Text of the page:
Day the One. Or Why Do I Need All This Shit

I arrived for my ten-day vacation on the mountain around 1 pm. The road progressively narrows as you get closer and there comes a point when there isn’t a road at all. I worried about getting all the stuff I’d packed to the campsite where the husband and I had pitched our tent almost two weeks ago.

Fortunately, I found a prime parking spot at the top of the hill that leads into the camp. I managed to carry the two storage bins, and loose bulk items down the steep road in just two trips with the help of a wheelbarrow. Two more trips from the entrance to our campsite. Early on I realized this was an exercise in maintaining addictions. “How much of this shit do I really need,” I thought. Camp stove and camp fuel for morning coffee, snack food, two bottles of wine, clothes for myself and an outfit for Sister Ann Wenita Morelove—wait. Where’s my suitcase?

Hahaha! I left my suitcase with all of my clothes in it in the bedroom back home. I was able to get one bar off cell service and ask the husband (who was coming at some later time; maybe today, maybe tomorrow) to bring it with him.

I moved my stuff to the campsite, happy to see that the tent was still standing and relatively dry. I did a little organizing and walked the wheelbarrow back to the main gathering area. I couldn’t help comparing my stuff to others folks’ stuff. Honestly I wasn’t doing too badly. Still, next time I’m going to try to be more intentional and bring less.

“Are you parked at the top of the hill?” asked one of the year-round residents.
“Yes,” I replied.
“You’ll need to move your car. Those spots are for folks who are working the event this week. Come on; I’ll show you where to park it and drive you back.”

We walked back up the hill and and basically drove into wilderness. It was like driving on a deer trail. If it rains anymore this week there’s no way I’ll be able to get my car out. Maybe this is why people end up staying here year round.

Another trek back to our tent. I received a text from the husband saying he was on his way. He asked much where he should park. “Park at the top of the hill and we’ll works it out after you get here,” I replied. No sense in circumventing the full experience.

When I got to the tent I promptly fell asleep to the sound of gently falling rain. Perfection.

I don’t know how much time passed but the sound of the tent door being unzipped woke me. It was the husband. He had more stuff with him, including my suitcase. He carried it without the help of a wheelbarrow. He more or less through the stuff into the tent, stripped off his clothes that were wet from rain and sweat, and fell asleep.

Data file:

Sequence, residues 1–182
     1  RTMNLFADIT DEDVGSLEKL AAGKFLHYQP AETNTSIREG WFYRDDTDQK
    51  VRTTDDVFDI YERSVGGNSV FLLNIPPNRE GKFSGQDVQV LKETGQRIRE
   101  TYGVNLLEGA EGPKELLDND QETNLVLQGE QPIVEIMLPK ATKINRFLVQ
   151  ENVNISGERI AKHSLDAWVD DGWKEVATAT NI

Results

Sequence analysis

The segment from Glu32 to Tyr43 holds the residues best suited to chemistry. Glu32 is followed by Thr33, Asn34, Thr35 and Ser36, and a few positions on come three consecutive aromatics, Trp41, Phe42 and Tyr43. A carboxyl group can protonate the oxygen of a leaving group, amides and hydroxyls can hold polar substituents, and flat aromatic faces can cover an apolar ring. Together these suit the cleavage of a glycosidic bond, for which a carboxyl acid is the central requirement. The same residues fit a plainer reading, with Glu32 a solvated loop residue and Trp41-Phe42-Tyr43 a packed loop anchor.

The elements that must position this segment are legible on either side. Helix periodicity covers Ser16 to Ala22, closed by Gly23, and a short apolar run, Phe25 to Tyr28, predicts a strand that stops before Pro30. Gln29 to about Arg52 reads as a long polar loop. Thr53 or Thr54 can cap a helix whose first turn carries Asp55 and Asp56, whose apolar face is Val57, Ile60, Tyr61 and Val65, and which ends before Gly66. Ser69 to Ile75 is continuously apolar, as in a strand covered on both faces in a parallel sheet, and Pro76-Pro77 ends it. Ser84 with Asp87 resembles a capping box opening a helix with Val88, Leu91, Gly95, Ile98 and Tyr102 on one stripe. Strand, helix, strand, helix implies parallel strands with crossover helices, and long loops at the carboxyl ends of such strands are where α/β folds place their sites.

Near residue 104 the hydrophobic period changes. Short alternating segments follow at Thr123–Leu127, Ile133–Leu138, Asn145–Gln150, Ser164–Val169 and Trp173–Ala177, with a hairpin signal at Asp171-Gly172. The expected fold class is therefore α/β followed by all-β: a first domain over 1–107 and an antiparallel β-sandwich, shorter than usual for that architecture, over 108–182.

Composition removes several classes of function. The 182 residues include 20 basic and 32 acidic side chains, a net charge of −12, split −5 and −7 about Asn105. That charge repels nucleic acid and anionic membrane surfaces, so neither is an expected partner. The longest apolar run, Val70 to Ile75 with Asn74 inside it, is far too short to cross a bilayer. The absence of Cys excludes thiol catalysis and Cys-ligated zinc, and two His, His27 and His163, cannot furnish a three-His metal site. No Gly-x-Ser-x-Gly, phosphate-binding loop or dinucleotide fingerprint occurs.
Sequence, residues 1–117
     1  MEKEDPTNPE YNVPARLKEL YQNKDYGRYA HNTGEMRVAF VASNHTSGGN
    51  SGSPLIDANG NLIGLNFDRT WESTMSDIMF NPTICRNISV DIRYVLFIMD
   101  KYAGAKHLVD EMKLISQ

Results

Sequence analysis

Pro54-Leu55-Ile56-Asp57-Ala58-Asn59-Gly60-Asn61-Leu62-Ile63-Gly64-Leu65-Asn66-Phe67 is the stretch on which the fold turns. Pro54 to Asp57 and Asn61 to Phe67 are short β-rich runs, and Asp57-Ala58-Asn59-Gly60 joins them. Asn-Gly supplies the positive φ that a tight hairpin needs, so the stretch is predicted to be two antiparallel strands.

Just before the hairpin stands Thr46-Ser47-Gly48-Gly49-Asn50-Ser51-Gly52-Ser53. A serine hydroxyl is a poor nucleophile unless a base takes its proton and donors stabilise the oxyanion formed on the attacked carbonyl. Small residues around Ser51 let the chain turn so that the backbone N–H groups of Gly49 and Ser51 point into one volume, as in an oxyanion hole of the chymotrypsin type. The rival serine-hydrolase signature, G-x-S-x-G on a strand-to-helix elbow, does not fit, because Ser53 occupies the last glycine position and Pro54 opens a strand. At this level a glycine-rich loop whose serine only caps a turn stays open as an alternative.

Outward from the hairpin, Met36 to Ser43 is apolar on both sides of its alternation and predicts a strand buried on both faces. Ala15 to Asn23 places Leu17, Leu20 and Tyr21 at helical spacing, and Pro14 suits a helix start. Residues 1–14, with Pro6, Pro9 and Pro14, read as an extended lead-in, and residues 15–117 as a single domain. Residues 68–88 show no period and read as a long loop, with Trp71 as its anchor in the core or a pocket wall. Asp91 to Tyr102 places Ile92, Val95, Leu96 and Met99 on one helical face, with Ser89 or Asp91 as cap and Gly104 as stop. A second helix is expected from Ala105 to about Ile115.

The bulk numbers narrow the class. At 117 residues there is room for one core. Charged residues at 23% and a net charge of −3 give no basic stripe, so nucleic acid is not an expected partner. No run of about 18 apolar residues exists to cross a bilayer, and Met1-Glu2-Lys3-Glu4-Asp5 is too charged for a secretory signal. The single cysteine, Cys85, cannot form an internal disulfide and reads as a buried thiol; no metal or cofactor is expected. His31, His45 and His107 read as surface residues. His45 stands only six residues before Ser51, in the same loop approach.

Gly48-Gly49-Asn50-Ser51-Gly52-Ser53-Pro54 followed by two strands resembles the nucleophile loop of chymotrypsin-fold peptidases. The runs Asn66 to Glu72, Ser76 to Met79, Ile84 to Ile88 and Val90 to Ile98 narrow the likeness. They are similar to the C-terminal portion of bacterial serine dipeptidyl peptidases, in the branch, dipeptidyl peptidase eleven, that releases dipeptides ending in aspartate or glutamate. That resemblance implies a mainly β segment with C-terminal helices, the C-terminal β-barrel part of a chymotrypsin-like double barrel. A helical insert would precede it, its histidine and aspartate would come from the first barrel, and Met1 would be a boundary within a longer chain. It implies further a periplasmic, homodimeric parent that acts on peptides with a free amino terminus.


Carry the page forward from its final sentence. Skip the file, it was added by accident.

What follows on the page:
Camping is great for sleeping. Anytime is nap time. I anticipate many more naps to come. I just might take one now.

On Camping, Addictions, Community, and Commitments

The husband and I pitched our tent on the mountain yesterday in preparation for a ten day vacation at the end of the month, and I couldn’t be more excited.

The husband will join me when he can, but most of the time I’ll be solo. While trying to keep an open mind, I look forward to the time away from work and routine as an opportunity to rest, meditate, reboot my yoga practice, make new friends, and reconnect with old ones.

I’m trying to approach it calmly. Meals during the time are covered so there’s no worry there. Naively, my biggest concerns are keeping my phone charged (they’ll be no network coverage but it’s how I read, take pictures, and blog), keeping my vape pen charged (I’m completely addicted to the stuff), getting my hands on enough coffee (hopelessly addicted to that, too), and staying warm enough (there’ll be a fire going night and day, so that should be okay).

Part of me wants to take the plunge use the time to severe my dependence on my phone, caffeine, and nicotine cold turkey. Chicken that I am I’m planning to take some coffee and a French press and trust I can find a way to boil water. There’s a fully stocked kitchen so that shouldn’t be a problem. My timidity (does this surprise you about me?) asserts itself and I worry that I’ll get in the way of the flow of things if I show up at random times requiring hot water.

As for keeping my phone and vape pen charged, I’ve ordered a solar charger that should arrive on Tuesday. I don’t know if it will work or not given the demands and the variables. It would be better if the the needs didn’t exist.

My stay on the mountain will be interrupted near the end by my commitment to Sister Night, and later, the Nashville AIDS Walk. Sister Ann Wenita Morelove will attend both, though she may look more disheveled than usual being that she will be manifesting in the woods.

I’m not happy with the timing. I’d rather go into this without the calendar conflicts. I’m trying to look at it as part of the experience. You can help me feel better about it by supporting my walk on behalf of Nashville CARES. I’d love to reach my fundraising goal before I leave for the mountain. Here is where you can donate.

Thank you!